They are logical points, but three important aspects of the connection between the dedication rituals and the celebration of the Eucharist:
17. After the altar had been prepared, the bishop celebrates the eucharist, the principal and the most ancient part of the whole rite, (See Pope Vigilius, Epistula ad Profuturum episcopum 4: PL 84, 832) because the celebration of the eucharist is in the closest harmony with the rite of the dedication of a church:
- For the celebration of the eucharistic sacrifice achieves the end for which the church was built and the altar erected and expresses this end by particularly clear signs.
- Furthermore, the eucharist, which sanctifies the hearts of those who receive it, in a sense consecrates the altar and the place of celebration, as the ancient Fathers of the Church often assert: ‘This altar should be an object of awe: by nature it is stone, but it is made holy when it receives the body of Christ.’(John Chrysostom, Homilia 20 in 2 Cor 3: PG 61, 540.)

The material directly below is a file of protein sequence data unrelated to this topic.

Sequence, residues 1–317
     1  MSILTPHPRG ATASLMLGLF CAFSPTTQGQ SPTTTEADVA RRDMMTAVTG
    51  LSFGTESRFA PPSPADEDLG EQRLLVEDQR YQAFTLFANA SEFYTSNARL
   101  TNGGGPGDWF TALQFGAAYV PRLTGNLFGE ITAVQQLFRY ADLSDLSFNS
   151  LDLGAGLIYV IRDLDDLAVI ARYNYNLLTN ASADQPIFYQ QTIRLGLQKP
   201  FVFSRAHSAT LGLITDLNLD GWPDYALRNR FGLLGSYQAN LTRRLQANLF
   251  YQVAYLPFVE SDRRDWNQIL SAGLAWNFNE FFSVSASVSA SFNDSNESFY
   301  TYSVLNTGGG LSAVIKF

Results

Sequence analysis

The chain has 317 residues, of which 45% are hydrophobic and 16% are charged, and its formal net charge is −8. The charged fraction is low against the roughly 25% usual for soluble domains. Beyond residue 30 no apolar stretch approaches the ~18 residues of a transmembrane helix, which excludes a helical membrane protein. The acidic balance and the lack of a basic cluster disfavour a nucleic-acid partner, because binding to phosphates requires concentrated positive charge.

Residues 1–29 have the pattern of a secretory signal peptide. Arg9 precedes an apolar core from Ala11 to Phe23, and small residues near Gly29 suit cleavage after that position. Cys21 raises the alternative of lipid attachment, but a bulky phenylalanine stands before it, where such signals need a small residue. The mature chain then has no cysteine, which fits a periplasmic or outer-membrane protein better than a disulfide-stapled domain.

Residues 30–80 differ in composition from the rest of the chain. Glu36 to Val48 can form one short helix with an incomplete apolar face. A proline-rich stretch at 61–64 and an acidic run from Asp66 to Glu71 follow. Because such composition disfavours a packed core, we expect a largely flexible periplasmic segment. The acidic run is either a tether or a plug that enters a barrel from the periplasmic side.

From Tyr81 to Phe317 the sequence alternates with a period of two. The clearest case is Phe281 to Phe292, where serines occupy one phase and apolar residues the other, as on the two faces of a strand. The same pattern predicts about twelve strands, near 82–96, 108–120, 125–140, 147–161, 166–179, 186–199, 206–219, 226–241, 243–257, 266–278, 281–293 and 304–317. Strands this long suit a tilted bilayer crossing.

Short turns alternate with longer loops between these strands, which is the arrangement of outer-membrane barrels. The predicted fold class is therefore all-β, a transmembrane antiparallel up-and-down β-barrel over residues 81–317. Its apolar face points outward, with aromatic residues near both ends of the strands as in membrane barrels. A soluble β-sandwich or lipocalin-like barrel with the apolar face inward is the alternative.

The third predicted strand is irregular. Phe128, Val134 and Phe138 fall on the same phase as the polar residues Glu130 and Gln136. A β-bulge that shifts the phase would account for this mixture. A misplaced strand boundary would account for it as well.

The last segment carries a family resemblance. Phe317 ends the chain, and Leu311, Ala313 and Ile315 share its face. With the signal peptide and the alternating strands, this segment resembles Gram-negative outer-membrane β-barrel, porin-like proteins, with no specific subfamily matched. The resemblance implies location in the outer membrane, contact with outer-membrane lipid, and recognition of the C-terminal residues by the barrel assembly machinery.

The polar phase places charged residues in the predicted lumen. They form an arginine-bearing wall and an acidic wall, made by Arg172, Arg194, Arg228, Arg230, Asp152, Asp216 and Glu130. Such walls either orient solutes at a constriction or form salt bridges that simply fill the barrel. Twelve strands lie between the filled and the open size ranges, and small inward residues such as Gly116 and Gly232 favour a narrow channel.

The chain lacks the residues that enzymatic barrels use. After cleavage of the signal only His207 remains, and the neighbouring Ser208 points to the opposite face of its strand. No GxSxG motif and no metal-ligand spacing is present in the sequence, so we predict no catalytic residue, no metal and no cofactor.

- Finally, the bond closely connecting the dedication of a church with the celebration of the eucharist is likewise evident from the fact that the Mass for the dedication has its own preface, which is a central part of the rite itself.